Covid: Some doctors are already in constant crisis mode – Dr Graeme Eunson

Last Saturday was World Mental Health Day, which I am sure will have resonated strongly with many of us this year, perhaps more than any other.

Thursday, 15th October 2020, 12:30 pm
As the number of Covid cases rises once again, new restrictions are being imposed and health service staff are getting anxious about what lies in store for them (Picture: Lisa Ferguson)
As the number of Covid cases rises once again, new restrictions are being imposed and health service staff are getting anxious about what lies in store for them (Picture: Lisa Ferguson)

It’s a tough time for everyone. I am going to focus on the well-being of healthcare staff, but it would be wrong not to also acknowledge the impact that Covid and the new way we are having to live is having on everyone.

As a doctor, I feel like the pandemic has put us under immense pressure and scrutiny. Personally, I feel not least of that is the pressure we put on ourselves to do the best we possibly can to care for people in trying circumstances.

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It’s on that basis I know many colleagues will be viewing the recent rises in admissions to hospital as a result of Covid with a real sense of worry. Just yesterday there were an extra 570 patients in hospital, with 49 in ICU. It seems like a long time ago the numbers were below 50 – but in reality it was little more than a month ago.

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Of course, this will be primarily a concern for every patient and their families faced with battling Covid. But for health staff on the frontline, there is a growing fear around what this might mean for the NHS as we head into winter.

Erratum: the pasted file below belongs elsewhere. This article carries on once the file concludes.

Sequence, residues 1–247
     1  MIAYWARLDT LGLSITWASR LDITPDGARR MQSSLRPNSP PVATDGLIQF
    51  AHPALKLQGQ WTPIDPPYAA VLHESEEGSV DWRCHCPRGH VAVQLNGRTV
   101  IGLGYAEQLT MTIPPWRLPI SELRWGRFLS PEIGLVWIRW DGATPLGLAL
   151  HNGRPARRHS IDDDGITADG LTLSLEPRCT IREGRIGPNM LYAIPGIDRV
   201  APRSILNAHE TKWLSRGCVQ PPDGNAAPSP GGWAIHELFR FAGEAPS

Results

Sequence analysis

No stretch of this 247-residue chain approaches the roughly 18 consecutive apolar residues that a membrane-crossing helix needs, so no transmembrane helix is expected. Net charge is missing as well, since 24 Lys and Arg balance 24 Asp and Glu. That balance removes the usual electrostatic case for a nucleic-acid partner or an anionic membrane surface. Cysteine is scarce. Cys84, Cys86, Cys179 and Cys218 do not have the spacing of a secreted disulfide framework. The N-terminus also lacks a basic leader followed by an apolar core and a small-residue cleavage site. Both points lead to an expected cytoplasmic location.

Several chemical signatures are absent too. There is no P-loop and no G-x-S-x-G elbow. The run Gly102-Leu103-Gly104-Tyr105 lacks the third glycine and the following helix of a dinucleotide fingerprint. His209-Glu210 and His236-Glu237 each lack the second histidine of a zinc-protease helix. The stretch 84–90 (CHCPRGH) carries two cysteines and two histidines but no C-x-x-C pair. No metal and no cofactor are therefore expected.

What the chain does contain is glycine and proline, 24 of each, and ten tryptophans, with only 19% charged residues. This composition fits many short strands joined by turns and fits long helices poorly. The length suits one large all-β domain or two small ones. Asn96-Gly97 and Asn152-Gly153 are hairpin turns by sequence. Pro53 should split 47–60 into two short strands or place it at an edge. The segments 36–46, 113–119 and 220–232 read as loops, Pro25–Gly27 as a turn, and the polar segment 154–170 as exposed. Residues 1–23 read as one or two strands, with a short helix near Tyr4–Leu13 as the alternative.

We know winter brings extra pressure across health services as flu and other illnesses take hold. NHS staff, wherever they work, know the challenges of finding beds and working flat out to simply keep our heads above water, care for people as best we can and make it through ourselves.

There isn’t usually any slack in the system or time for us to switch off whatsoever. Add in the need to keep extra capacity aside purely to deal with Covid and it’s pretty difficult not to be fearful of how the next few months might pan out.

I know doctors who are already feeling they are in constant crisis mode and are anxious about what may come, having had very little respite over the last 12 months. I want to use this opportunity to say to all NHS staff that these may be the toughest of times, but there is always someone who you can speak to.

Please do reach out for help. It’s ok to feel far from ok, and many of us will over the coming days and weeks.

I also hope that we can continue to maintain the real sense of partnership and mutual support I think we have enjoyed with the general public. I appreciate as the pandemic drags on that may seem harder and harder: staff feel nothing but empathy and sympathy for those frustrated that the NHS isn’t operating as normal.

But we are all doing our absolute best under the circumstances – in our hospitals, GP surgeries and in the community. Please bear with us and if you can, please remember the kind of pressures those in our health service are under.

World mental health day may have come and gone, but that core message of kindness, understanding and the need to support each other is something we need to stick with 365 days a year.

Dr Graeme Eunson is chair of the BMA’s Scottish consultants committee

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